A Day in Nikko and the Spring Festival

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I didn’t visit Nikko until my fourth trip to Japan, thinking it would be a bit too crowded for my personal taste. But once there I soon realised this had been a terrible mistake of mine, for Nikko is a beautiful mountain town with nature in every direction, temples and shrines —some grandiose, some hidden— and so many restaurants and good food that it’s worth a visit for the culinary aspect alone.

I’ll tell you about my visit to Nikko. I had the chance to visit during the “Yayoi-sai” festival, celebrated every year during mid-April as a welcome to Spring.

The festival is made up of many small events, like this ceremony at Futarasan Shrine

After a two hour train ride, my sister an I reached Tobu-Nikko station. The first thing we did was put on our jackets, the air in Nikko was chilly compared to Tokyo, and the second, accept a tree branch given to us which was, as they said, “for the festival”. With this little mystery, we took the next bus and soon arrived to Nikko Bridge.

Nikko Bridge is the entrance to the temple area of town. In Spring, when I visited, perhaps it is not the best time to photograph it… but in Summer all the plants and mountains of the bridge’s surroundings are a vibrant green and, in Winter, the scenery is covered in white snow suitable of ancient Japanese legends. In those moments, the red lacquer of the wood seems to shine more. In October, the show of autumn colours almost camouflage the bridge, making it seem like a natural part of the scenery.

But you mustn’t be concerned if you are visiting in Spring like myself: if you truly want to enjoy lacquered treasures and fiery reds, all that is needed is a small effort for the uphill in front of the bridge and soon you’ll find yourself at Nikko’s famous shrines.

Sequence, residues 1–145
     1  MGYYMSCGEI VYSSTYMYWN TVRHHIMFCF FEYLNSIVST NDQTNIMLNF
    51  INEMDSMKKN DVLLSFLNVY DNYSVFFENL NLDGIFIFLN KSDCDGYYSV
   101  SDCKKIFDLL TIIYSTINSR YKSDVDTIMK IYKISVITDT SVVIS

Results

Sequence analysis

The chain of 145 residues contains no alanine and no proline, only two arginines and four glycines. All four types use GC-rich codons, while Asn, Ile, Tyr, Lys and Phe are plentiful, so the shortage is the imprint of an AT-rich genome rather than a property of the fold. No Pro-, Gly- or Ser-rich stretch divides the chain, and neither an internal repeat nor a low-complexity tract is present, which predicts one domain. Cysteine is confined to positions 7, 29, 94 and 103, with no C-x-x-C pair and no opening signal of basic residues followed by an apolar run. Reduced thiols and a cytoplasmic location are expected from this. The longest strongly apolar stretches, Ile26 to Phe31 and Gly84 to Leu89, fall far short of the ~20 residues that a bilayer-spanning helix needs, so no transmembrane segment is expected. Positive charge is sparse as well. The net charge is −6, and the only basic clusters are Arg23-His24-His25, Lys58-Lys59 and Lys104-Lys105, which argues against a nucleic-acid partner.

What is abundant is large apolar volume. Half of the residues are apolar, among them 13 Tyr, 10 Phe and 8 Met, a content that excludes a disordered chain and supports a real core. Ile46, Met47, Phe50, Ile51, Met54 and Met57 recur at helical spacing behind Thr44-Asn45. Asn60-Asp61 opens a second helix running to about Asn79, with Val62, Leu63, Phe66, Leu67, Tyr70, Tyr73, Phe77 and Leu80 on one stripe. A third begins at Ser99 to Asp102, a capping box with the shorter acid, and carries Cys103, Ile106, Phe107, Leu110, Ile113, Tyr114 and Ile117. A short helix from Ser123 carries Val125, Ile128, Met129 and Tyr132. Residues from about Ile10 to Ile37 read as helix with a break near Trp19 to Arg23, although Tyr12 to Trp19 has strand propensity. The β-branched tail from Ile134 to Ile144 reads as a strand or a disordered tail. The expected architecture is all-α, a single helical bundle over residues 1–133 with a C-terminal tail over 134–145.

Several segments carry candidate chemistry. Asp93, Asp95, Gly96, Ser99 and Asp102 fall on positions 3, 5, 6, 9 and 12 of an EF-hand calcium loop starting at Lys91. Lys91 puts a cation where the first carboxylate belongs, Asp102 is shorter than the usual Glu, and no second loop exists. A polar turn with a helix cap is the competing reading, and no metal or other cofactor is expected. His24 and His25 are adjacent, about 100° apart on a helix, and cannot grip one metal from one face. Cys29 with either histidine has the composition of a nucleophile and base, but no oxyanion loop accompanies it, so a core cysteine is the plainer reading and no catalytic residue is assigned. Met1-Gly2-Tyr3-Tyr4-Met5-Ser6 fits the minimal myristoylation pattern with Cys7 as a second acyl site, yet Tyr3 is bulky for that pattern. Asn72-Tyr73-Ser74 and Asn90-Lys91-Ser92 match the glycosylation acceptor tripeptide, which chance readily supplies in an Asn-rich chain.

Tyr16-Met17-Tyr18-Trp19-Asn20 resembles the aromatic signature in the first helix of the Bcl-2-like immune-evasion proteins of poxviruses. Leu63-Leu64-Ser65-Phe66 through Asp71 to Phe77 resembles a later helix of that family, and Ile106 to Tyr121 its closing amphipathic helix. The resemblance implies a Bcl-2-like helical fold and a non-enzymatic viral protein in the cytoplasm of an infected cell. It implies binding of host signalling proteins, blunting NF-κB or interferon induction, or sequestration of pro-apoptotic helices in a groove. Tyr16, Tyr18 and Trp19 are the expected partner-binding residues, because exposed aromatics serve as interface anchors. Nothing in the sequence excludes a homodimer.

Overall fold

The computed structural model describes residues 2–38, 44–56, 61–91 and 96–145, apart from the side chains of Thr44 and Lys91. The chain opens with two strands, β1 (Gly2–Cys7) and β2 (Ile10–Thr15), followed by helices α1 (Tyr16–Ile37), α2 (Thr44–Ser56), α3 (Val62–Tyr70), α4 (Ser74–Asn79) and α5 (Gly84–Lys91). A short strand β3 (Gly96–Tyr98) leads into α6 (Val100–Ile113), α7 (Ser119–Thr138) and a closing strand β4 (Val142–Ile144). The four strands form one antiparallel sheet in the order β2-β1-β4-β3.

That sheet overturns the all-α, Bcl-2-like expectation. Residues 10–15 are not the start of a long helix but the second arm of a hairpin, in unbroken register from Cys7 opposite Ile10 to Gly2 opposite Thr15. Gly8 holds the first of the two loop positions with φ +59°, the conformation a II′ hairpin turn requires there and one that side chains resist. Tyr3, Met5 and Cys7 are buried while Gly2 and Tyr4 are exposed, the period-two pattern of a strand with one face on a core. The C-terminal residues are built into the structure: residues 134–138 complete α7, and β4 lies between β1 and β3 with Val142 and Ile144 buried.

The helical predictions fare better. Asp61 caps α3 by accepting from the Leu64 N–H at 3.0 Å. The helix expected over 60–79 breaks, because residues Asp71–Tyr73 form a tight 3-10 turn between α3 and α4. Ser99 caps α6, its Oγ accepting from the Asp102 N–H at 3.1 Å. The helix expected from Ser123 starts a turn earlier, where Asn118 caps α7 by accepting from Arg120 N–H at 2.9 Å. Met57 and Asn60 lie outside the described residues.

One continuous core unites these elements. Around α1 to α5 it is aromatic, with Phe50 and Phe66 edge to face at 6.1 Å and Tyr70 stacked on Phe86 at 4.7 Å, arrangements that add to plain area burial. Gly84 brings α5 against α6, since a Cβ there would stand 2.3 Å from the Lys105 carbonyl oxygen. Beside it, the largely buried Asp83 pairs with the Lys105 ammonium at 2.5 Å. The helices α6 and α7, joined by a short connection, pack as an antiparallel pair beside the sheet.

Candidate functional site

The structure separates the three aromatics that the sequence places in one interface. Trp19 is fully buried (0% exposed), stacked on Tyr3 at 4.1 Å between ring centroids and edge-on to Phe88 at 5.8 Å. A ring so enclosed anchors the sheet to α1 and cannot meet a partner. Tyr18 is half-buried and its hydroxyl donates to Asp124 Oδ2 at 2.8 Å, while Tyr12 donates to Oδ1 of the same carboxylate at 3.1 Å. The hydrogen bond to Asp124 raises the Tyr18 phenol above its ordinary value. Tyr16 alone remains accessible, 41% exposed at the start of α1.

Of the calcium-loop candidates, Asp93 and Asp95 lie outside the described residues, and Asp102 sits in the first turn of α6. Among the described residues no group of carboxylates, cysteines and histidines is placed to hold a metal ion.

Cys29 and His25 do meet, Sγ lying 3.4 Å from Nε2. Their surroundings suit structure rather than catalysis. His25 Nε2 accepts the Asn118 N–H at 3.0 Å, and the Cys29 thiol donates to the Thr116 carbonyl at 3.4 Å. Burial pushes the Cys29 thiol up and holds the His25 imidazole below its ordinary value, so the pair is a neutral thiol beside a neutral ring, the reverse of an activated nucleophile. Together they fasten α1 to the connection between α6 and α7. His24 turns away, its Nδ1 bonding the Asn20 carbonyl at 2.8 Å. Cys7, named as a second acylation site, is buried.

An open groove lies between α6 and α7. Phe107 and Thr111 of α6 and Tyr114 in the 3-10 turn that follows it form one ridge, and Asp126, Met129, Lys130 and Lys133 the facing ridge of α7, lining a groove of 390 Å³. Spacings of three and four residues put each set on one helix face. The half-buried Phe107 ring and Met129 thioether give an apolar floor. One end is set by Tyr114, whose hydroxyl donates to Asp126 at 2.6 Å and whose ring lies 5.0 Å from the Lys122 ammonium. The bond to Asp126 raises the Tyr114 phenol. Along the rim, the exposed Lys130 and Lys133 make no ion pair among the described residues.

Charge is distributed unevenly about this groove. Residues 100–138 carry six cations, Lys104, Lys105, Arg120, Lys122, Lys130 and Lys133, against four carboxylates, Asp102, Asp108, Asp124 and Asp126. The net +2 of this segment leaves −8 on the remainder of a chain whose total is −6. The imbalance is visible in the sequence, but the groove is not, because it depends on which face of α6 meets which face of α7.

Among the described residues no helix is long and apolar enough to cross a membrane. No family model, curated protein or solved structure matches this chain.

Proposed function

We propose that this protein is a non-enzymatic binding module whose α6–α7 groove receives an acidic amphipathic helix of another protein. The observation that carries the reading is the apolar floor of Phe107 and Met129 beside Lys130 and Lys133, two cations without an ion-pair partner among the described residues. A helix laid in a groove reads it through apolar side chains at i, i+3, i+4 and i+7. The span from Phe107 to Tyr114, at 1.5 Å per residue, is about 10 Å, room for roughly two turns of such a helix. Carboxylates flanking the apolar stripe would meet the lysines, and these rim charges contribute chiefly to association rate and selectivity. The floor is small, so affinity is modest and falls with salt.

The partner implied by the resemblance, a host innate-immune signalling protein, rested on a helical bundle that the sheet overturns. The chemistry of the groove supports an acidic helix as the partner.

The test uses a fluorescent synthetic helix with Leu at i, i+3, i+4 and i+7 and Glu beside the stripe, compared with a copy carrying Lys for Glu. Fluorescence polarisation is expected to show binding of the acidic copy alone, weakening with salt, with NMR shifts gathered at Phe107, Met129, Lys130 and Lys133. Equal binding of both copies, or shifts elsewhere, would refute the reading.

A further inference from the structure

Sometimes it’s best to let the photos speak for themselves:

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The shrines in Nikko are some of the most intricate and captivating of the country. Among them, the mausoleum of perhaps the most important shogun of Japanese history: Ieyasu Tokugawa. Simply visiting the shrines can take a couple hours.

Even after our morning of culture, we weren’t finished with our visit to Nikko. A friend had recommended a walking trail behind the shrine area, so we followed an empty road that seemed to lead to nowhere. But my map assured me we were on the right track and, indeed, soon we were arriving to a stairway into the forest, framed by tall cedars.


The mountains around Nikko are known for having bears, so my sister and I made sure to talk and sing as we walked to avoid any encounters. The end is marked by a small waterfall and, at the top of the steps, Takinoo Inari Shrine. It is an easy trail for anyone of any level.

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We headed back into town for something to eat and stopped at a small café. They served us Nikko’s famed speciality: yuba. Yuba is tofu skin, made through the boiling of soy milk. It may sound a bit strange at first, but it is actually quite a popular dish in Japan, especially in high class restaurants, so it’s worth a try.
For dessert, I enjoyed a bowl of zenzai, red bean soup with buckwheat balls, a typical Japanese snack, and amazake, literally “sweet sake”. Amazake doesn’t in fact contain any sake, it is a non-alcoholic rice drink, but it is certainly sweet!

With renewed energy, we made it to the last spot of the day, Kanmangafuchi Abyss. Here there is a long row of Jizo statues overlooking the rocky river. Jizo is a Buddhist figure, protector of the dead, especially children.

We spent the remainder of the day resting in our minshuku and enjoying the festival. A minshuku is a traditional Japanese inn, but it differs from a ryokan in its more laid back and informal ambience.

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While we were looking at the floats, a man came up to us and gave us a paper charm, he explained that we had to tie it to the mysterious branch we had received that morning. Each float had their own slip which we were to collect for good luck!

Nikko Bridge became the setting of a Shinto ceremony and, as the sun went down, the carriages started parading down the streets towards the station. We followed the festival through town, sometimes pushing the floats or carrying lanterns ourselves.

It was a noisy night. Drums on each of the floats, men suddenly breaking into song, the continuous croc-croc of wooden shoes and many loud laughs. And, of course, lots of sake!

Nikko is a charming town. It is easily done as a day trip from Tokyo and I recommend it to anyone looking to see a more traditional side of Japan.

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